The Prefrontal Cortex as a Model System to Understand Representation and Processing of Information
Working memory includes temporary active maintenance of information as well as processing of maintained information. Delay-period activity observed in the prefrontal cortex has been shown to be a neural correlate of the mechanism for short-term active maintenance of information. Using spatial working memory tasks, it was found that a great majority of delay-period activity represents retrospective information (e.g., the location of the visual cue) whereas a minority represents prospective information (e.g., the direction of the forthcoming movement). In addition, using population vector analysis using a population of prefrontal activities, the temporal progression of information processing can be seen as a temporal change of the direction as well as the length of the population vector during the delay period. The mechanism participating in the gradual change of information represented by a population of activities remains unresolved. However, functional interactions among neighboring neurons representing different information and dynamic modulation of these interactions depending on the context of the trial could be a mechanism of this process.
KeywordsPrefrontal Cortex Delay Period Neuron Pair DLPFC Activity DLPFC Neuron
Unable to display preview. Download preview PDF.
- Baddeley A (1986) Working memory. Oxford University Press, OxfordGoogle Scholar
- Baddeley AD, Hitch G (1974) Working memory. In: Bower GH (ed) The psychology of learning and motivation: advances in research and theory. Academic Press, New York, pp 47–89Google Scholar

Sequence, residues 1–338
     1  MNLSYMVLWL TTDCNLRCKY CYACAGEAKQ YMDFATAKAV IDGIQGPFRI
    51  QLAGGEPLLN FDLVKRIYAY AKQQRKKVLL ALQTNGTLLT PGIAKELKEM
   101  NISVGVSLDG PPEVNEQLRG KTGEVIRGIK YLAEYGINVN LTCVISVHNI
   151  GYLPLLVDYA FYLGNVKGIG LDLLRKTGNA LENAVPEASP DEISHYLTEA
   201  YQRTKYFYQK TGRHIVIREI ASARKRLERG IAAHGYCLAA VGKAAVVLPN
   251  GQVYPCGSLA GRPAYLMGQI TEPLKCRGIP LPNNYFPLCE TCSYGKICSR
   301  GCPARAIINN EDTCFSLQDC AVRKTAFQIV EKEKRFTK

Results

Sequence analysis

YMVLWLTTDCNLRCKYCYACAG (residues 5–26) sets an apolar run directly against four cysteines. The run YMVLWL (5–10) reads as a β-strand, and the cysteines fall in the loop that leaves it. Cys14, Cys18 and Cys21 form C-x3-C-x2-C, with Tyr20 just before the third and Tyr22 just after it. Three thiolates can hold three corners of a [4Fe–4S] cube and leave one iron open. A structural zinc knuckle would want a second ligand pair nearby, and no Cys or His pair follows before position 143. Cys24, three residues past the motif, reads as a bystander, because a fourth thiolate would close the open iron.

- Fuster JM (1997) The prefrontal cortex: anatomy, physiology, and neuropsychology of the frontal lobe, 3rd edn. Lippincott-Raven, PhiladelphiaGoogle Scholar
- Goldman-Rakic PS (1987) Circuitry of primate prefrontal cortex and regulation of behavior by representational memory. In: Plum F (ed) Higher functions of the brain, part 1. Handbook of physiology, section 1: the nervous system, vol V. American Physiological Society, Bethesda, MD, pp 373–417Google Scholar
- Goldman-Rakic PS (1998) The prefrontal landscape: implications of functional architecture for understanding human mentation and the central executive. In: Roberts AC, Robbins TW, Weiskrantz L (eds) The prefrontal cortex: executive and cognitive functions. Oxford University Press, Oxford, pp 87–102Google Scholar
- Jacobsen CF (1936) Studies of cerebral function in primates. I. The functions of the frontal association areas in monkeys. Comp Psychol Monogr 13:1–60Google Scholar
- Pandya DN, Barnes CL (1987) Architecture and connections of the frontal lobe. In: Perecman E (ed) The frontal lobes revisited. IRBN Press, New York, pp 41–72Google Scholar
- Petrides M (1994) Frontal lobes and working memory: evidence from investigations of the effects of cortical excisions in nonhuman primates. In: Boller F, Spinnler H, Hendler JA (eds) Handbook of neuropsychology, vol 9. Elsevier, Amsterdam, pp 59–82Google Scholar
- Stuss DT, Knight RT (2002) Principles of frontal lobe function. Oxford University Press, New YorkGoogle Scholar